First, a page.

Nevertheless, I was excited to listen to today's game, since there simply aren't that many broadcast games this spring.
The curse worked again. The Cubs lost again, 11-3 to the Giants at Scottsdale. It got so bad that I turned it off in the fourth inning after they went down 10-3, with Reynel Pinto, a pitcher with some promise who has zero chance of making the major league team this year, taking most of the damage in a six-run third inning. The worst of it was a grand slam by the Giants' starting pitcher, Jason Schmidt.
Matt Clement didn't throw that well either, getting pounded for two walks, four hits and four runs in a two-inning stint that had him throwing way too many pitches.
The good news is that Todd Wellemeyer came in and threw three good innings, striking out four, and keeping him in the running for the bullpen slot(s) that may be available with Mike Remlinger and Kent Mercker both hurt.
Scott McClain hit his third home run of the spring. This is almost completely meaningless, as McClain, who is 31 and spent the last three years playing in Japan, will almost certainly start 2004 as the starting first baseman at Iowa. He can also play third base, so he's a useful spare part to have at Triple-A in case of injury.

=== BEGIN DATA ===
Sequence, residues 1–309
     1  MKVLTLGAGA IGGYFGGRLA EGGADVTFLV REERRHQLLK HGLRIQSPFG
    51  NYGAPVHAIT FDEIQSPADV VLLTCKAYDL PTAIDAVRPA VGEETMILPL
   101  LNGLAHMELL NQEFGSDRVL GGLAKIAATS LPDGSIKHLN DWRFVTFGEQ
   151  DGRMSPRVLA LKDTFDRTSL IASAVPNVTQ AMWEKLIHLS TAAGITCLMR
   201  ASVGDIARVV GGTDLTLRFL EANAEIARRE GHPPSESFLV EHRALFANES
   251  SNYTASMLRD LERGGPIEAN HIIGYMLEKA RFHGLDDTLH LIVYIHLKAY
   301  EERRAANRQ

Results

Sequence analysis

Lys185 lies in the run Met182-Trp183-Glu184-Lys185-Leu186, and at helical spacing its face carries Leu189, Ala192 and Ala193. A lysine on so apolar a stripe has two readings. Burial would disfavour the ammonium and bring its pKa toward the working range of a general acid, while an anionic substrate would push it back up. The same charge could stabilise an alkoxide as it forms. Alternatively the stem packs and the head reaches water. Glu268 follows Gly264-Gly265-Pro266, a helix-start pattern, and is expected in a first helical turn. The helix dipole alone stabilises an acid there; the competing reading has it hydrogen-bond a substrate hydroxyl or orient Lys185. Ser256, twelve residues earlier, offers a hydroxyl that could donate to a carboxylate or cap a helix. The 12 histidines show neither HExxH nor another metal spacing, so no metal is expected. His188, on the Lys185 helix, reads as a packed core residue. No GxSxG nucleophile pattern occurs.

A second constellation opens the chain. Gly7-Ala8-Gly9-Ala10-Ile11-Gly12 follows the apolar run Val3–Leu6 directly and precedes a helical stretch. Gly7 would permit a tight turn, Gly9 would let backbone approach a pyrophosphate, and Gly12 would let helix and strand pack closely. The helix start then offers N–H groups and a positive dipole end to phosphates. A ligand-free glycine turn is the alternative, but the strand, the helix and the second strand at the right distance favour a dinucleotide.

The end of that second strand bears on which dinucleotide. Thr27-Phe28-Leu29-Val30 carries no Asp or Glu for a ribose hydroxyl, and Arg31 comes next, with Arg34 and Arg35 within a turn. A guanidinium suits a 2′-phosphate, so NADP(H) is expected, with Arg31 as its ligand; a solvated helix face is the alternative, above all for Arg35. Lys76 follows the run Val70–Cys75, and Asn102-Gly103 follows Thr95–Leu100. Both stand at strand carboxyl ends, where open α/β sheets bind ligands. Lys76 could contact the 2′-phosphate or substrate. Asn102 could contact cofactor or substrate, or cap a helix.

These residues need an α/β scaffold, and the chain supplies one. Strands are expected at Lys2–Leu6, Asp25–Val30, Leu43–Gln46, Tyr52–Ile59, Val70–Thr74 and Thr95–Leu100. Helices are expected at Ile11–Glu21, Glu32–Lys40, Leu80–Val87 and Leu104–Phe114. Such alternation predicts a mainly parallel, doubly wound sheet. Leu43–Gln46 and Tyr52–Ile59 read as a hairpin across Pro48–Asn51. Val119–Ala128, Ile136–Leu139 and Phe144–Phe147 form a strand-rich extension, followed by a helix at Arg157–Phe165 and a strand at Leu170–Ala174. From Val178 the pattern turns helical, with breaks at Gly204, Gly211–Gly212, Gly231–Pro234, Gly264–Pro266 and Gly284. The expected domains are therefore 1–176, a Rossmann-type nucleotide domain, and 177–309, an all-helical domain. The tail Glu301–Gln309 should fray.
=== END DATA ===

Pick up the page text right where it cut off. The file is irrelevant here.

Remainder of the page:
Meanwhile, the other half of the squad was in Tucson losing to the Rockies 7-2. Mark Grudzielanek made the trip and went 1-for-3. Really, I'm reaching for highlights here.
This game was apparently a long bullpen audition, as candidates Gary Glover (who was bad, allowing two homers, three walks and five runs in three innings) and Jimmy Anderson (stellar, four strikeouts in three scoreless innings) also attempted to prove they can fill the last slot in the bullpen.
These games are too confusing. There is only one more split-squad day, next Saturday when both splits will again be on the road, one in Maryvale against the Brewers and the other in Phoenix against the A's (and yes, I know Maryvale's actually within the city limits of Phoenix). I'll be attending the Maryvale game, as I like that ballpark and it probably gives a chance to see players who wouldn't otherwise get a chance to play.
Ron Santo seemed less irritating on the air today than he usually does to me; maybe that's because of the virtual meaninglessness of the game. The two of them spent a lot of time discussing their attendance guess. The 11,395 reported is about 1,000 over the listed capacity of Scottsdale Stadium, and the 8,739 the Rockies drew for the other half of the Cub squad is more than double the usual attendance for Rockies exhibition games, showing the drawing power of the Cubs even a two-hour drive from Phoenix.